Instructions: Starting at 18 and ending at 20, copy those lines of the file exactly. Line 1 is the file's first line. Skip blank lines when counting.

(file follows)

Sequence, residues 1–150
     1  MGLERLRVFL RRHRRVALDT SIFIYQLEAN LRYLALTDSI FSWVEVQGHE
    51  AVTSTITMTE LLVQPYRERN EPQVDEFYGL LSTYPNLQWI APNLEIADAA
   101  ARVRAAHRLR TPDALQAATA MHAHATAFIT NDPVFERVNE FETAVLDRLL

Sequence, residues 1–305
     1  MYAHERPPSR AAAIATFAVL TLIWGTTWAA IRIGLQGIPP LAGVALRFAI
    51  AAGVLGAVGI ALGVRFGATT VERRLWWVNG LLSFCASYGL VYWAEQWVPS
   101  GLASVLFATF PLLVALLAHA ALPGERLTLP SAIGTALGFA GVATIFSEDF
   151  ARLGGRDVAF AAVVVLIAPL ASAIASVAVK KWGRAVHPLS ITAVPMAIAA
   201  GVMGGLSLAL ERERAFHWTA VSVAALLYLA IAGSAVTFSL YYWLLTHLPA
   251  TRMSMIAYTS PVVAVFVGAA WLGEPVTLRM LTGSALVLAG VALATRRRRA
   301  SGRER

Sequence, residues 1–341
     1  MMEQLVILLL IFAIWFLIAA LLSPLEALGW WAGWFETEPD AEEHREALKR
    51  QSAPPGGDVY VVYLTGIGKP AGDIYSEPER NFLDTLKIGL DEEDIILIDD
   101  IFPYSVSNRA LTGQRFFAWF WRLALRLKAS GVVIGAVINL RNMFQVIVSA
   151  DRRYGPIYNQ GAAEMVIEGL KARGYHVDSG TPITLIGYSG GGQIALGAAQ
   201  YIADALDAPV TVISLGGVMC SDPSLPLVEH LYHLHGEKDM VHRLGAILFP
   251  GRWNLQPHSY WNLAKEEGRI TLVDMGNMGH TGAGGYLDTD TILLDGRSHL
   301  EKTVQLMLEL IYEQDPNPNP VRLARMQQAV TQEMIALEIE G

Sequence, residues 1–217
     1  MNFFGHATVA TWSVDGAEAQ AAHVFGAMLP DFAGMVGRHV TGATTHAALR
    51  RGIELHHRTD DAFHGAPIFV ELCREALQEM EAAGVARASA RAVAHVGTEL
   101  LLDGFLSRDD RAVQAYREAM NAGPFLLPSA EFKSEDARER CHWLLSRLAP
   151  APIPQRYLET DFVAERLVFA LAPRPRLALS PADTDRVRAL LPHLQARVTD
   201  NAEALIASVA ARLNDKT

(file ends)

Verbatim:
   201  YIADALDAPV TVISLGGVMC SDPSLPLVEH LYHLHGEKDM VHRLGAILFP
   251  GRWNLQPHSY WNLAKEEGRI TLVDMGNMGH TGAGGYLDTD TILLDGRSHL
   301  EKTVQLMLEL IYEQDPNPNP VRLARMQQAV TQEMIALEIE G